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[Xmca-l] Re: The power of Humanities in a recursive loop



Mike,

Minecarft is a fascinating world in that it builds the modular puzzle like
thinking necessary for coding.

I agree it is all child directed. The average 12 year old in the US now
watches more minutes of "play with me" videos on YouTube than TV. Meaning
they just watch other people play games then play games themselves.

I think though much of the minecraft work is the the same identity work
kids did through play. The number of Minecraft players who move beyond the
survival or play modes and start running servers and making mods is
relatively small.

Most of the narratology happening is not too complex.

Also as Minecraft went mainstream the need to hack at solutions dwindled.
It now comes pre-packaged on any mobile device. Not necessarily a bad thing
and as you noted the child directed play is too often a short commodity.

The identity work of Minecraft however is not in short as a commodity. The
marketing, toys, and branding have taken root whereas when I was a kid the
identity work being done in gaming and mod communities was more subversive.
The activity of the others.

In many ways I see this as the state of much technology and the web. It was
built by people figuring out how to do identity work from the outside but
the processes they created have been packaged and this identity work is now
being sold to children.



On Mon, May 23, 2016 at 3:44 PM mike cole <mcole@ucsd.edu> wrote:

> Greg-- What do you make of the minecraft world? I know a lot of kids that
> love to play it (and adults who
> think they are wasting their time). What has impressed me is how little
> live adult co-presence is needed for a group of kids to develop pretty high
> level skills (the adult is behind the code, somewhere, of course).
>
> I ask both because minecraft appears as an issue in places I inhabit and
> because one of the reasons live adults give if they think it is a good
> activity for kids is that it is a pathway into the world of coding.
>
> I liked the poem as well. Thanks for that.
> mike
>
> (Martin does his flushing in Bogota, Annalisa; perhaps that accounts for
> the poor advice).
>
> On Mon, May 23, 2016 at 12:27 PM, Greg Mcverry <jgregmcverry@gmail.com>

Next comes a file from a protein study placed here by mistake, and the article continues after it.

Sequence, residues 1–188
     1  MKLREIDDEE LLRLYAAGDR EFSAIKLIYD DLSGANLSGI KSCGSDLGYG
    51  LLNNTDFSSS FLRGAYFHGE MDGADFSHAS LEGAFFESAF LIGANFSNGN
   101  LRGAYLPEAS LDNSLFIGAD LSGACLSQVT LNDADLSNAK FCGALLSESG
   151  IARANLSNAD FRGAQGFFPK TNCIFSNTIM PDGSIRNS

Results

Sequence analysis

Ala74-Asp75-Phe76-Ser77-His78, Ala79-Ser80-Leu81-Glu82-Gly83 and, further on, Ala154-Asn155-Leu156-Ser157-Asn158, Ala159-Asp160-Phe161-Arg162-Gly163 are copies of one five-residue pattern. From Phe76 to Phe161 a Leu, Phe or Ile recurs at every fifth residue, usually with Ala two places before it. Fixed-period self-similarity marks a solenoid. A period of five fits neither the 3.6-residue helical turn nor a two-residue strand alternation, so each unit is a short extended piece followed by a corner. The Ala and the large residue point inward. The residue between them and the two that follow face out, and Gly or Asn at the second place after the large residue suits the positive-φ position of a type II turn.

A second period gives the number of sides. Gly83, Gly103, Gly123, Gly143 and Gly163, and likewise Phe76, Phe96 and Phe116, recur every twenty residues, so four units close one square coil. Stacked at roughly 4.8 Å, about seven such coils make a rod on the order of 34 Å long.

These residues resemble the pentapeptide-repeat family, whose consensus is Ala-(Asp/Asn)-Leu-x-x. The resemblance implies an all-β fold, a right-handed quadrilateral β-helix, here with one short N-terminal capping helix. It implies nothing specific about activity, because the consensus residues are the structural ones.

> wrote:
>
> > However coding should not be a social-darwinist experiment, which tends
> to
> > be the case because code interpreters are ruthless syntactic stalinists.
> >
> > I think this is  a stereotype, a specialized set of discourse practices,
> > and a reflection of gender inequity among coders.
> >
> > Nobody learns to code. You can just copy and paste better than the next
> > gal. It takes a long time to generate original code.
> >
> > I am a self taught....actually community taught...the auto-didactic coder
> > is a myth. I have been involved in a variety of open source projects in
> the
> > last few years as a non-technical contributor.
> >
> > Yet every project I get involved in, I learn a little bit more. Right now
> > its just html/css/javascript but its always a little bit more than I knew
> > yesterday.
> >
> > There are amazing and really inclusive places to reach out and learn how
> to
> > code or markup webpages.
> >
> > On Mon, May 23, 2016 at 3:21 PM Annalisa Aguilar <annalisa@unm.edu>
> wrote:
> >
> > >
> > > Thanks Martin and Greg,
> > >
> > > Um... first things first. I never do the paint thinner down the toilet
> > > thing. I actually make an appointment with the waste management
> > department
> > > on Saturdays and drive it in. Do they not have such a thing for you,
> > Martin?
> > >
> > > And, I love your poem Greg. Just because computers "think"
> > algorithmically
> > > doesn't mean we do. Humans first! :) And Humanities first (too!)
> > >
> > > As much as code is a stinky affair for some of us non-STEMers, there is
> > > something to be said of occupying the codebases. I don't mean github or
> > > reddit, as I'm not a masochist.
> > >
> > > However coding should not be a social-darwinist experiment, which tends
> > to
> > > be the case because code interpreters are ruthless syntactic
> stalinists.
> > I
> > > myself have tried to teach myself to code more times than I can count,
> > and
> > > it still eludes me! If I had the right teacher, I'd do some great
> things
> > > with code. I think it's because of my system-thinking (top-down rather
> > than
> > > bottom up) that it eludes me. You can't sketch with code, and then fill
> > in
> > > the lines (or can you?) I sense, if I were to learn to code, I'd
> become a
> > > dialectic coder.
> > >
> > > Is there such a thing?
> > >
> > > Kind recursions,
> > >
> > > Annalisa
> > >
> > >
> > >
> >
>
>
>
> --
>
> It is the dilemma of psychology to deal as a natural science with an object
> that creates history. Ernst Boesch
>
Status: O